” The worrying aspect of this all embracing provision seems to imply that the court may not even look into the issue as to whether the duly laid down procedures were followed”
What the Learned justice said was the truest interpretation of section 188(10). However, it may not have been the intendment of the law makers as they never intended to give legislators “scorpions and whips” to chastise Executive heads with. The court of Appeal may not have done justice but they followed the obvious interpretation of the Law. It therefore boils down to a single point which i unequivocally point out that the supreme court conveniently violated the constitution to do justice to our legislators. Obviously that it what it seems to me as what has happened.

Other scholars of Law have all commented on this argument and have all adduced that the judiciary cannot necessarily be said to have violated the constitution since they are the custodians of  the constitution thus, the interpretation they give to a section of the constitution is what it is. Well,i can say that custodians of the constitution are not the owners. The constitution cannot be fine-tuned at their behest. A custodian guards, he doesn’t alter. As custodians the courts cannot go against the supremacy of the Constitution. Their position  is a respectable  and scholarly argument but i am tempted to ask again: Is the Constitution no longer supreme? I would say Yes. The constitution declares its supremacy under section 1(1) of the constitution by pontificating that its provisions shall have binding authority on all persons and authorities throughout the federal republic of Nigeria. Rather interestingly, and ironically, Niki Tobi JSC who was among the justices of the supreme court that entertained INAKOJU V. ADELEKE (Supra) had stated officiously in A.G ABIA V. A.G FEDERATION (2006) 16 NWLR (pt. 1005) 265) at 381 that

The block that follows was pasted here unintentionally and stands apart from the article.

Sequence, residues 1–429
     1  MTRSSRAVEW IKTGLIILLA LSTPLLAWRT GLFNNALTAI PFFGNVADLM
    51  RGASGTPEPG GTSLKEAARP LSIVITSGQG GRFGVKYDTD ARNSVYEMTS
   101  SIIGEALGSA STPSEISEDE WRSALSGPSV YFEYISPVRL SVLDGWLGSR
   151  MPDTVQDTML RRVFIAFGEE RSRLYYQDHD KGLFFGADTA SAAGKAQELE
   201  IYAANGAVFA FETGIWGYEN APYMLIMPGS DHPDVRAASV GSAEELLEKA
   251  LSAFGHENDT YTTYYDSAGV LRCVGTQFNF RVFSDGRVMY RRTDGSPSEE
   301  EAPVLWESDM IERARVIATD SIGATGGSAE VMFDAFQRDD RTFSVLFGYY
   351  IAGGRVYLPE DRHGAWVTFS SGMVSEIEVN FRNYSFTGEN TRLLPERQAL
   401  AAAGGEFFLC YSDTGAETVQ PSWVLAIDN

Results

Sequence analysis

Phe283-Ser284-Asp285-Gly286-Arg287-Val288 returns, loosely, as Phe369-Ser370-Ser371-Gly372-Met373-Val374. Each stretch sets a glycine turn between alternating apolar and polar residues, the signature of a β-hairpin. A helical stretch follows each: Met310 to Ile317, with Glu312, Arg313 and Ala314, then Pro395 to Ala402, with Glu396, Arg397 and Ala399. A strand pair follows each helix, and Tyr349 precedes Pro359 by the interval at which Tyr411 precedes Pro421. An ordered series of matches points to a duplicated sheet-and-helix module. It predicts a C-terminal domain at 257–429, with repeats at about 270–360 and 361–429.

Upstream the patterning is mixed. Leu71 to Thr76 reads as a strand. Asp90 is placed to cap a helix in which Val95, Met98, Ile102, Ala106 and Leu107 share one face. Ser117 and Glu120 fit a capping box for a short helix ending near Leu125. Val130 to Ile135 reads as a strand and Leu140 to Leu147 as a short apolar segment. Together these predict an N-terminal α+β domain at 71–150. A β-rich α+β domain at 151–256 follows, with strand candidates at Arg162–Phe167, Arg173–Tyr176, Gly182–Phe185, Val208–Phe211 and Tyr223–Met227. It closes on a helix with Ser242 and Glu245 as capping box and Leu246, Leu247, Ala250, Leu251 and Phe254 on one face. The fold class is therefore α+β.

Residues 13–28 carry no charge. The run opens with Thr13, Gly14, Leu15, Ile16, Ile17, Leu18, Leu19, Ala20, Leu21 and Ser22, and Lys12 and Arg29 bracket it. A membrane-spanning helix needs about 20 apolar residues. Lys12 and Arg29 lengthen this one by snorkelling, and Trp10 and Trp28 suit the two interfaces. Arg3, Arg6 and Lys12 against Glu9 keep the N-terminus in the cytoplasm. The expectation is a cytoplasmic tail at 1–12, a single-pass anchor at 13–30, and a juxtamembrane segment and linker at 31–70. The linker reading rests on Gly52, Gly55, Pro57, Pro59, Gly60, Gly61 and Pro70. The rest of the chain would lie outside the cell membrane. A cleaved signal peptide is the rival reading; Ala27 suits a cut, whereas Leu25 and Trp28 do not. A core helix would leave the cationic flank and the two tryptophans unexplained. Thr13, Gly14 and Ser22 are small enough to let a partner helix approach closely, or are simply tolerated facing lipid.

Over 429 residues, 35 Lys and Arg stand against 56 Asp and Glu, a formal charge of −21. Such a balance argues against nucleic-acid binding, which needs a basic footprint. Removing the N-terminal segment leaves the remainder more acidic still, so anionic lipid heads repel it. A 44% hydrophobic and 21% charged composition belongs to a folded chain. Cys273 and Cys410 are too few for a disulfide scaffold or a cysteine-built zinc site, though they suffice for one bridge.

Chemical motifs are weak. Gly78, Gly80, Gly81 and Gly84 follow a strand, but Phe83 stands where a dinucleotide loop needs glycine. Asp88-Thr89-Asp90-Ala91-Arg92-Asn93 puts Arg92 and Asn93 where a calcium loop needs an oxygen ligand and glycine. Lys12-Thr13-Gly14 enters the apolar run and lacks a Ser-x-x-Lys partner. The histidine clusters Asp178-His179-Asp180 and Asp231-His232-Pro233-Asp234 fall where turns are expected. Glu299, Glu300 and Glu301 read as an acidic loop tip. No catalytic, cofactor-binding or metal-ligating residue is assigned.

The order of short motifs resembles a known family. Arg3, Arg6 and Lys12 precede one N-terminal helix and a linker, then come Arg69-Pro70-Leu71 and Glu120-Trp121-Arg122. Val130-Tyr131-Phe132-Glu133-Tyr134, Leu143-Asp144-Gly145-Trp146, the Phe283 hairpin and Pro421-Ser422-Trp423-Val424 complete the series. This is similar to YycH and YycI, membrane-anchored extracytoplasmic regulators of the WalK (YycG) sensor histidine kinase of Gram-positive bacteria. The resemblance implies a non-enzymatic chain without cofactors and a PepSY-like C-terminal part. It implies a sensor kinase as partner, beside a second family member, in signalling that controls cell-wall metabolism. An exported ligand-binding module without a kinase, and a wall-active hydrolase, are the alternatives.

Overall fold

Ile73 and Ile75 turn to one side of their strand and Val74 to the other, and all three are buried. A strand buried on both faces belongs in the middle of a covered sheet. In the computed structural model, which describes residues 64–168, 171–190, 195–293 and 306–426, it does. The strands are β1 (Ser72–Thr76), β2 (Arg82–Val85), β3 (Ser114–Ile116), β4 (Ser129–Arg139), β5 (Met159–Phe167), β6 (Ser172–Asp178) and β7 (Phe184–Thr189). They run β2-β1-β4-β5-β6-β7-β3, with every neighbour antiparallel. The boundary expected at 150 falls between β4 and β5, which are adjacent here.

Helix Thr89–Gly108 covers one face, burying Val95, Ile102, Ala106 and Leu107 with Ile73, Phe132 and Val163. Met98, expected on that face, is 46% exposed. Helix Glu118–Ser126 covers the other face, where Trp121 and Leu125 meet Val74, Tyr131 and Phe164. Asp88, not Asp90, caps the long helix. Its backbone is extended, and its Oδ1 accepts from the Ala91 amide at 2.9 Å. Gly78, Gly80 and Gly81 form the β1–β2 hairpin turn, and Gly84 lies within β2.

” the constitution of Nigeria is the fons et origo, not only of the jurisprudence but also of the legal system of the nation. It is the beginning and the end of the legal system. In Greek Language, it is the alpha and Omega. It is the barometer with which all statutes are measured. In line with the kingly position of the constitution, all three arms of the government are slaves of the constitution; not in the sense of undergoing servitude but in the sense of total obeisance and loyalty to it. This is in recognition of the supremacy of the constitution over and above all statutes, be it an Act of the National Assembly or a law of the House of Assembly of a state. Therefore, they must dance to the music and chorus of the constitution whether the melody or rhythm is good and bad”. (Emphasis mine)
That the three arms of government are slaves under  the constitution simply tells us that none of them has the power to impetuously defy its clear and unambiguous provision.  If the constitution provides clearly that such legislative proceedings should not even be entertained or questioned, then what further interpretation could be given to such a glaring provision? The section by ousting the jurisdiction of the courts have also precluded them from interpreting that very section after all, such an interpretation can only be given when the suit has been entertained and determined and as such a violation has occurred. Thus, a court has to have jurisdiction before interpretation can take place. Sadly, the courts have been precluded from the means;how then did they get the end? I am forced now to wonder.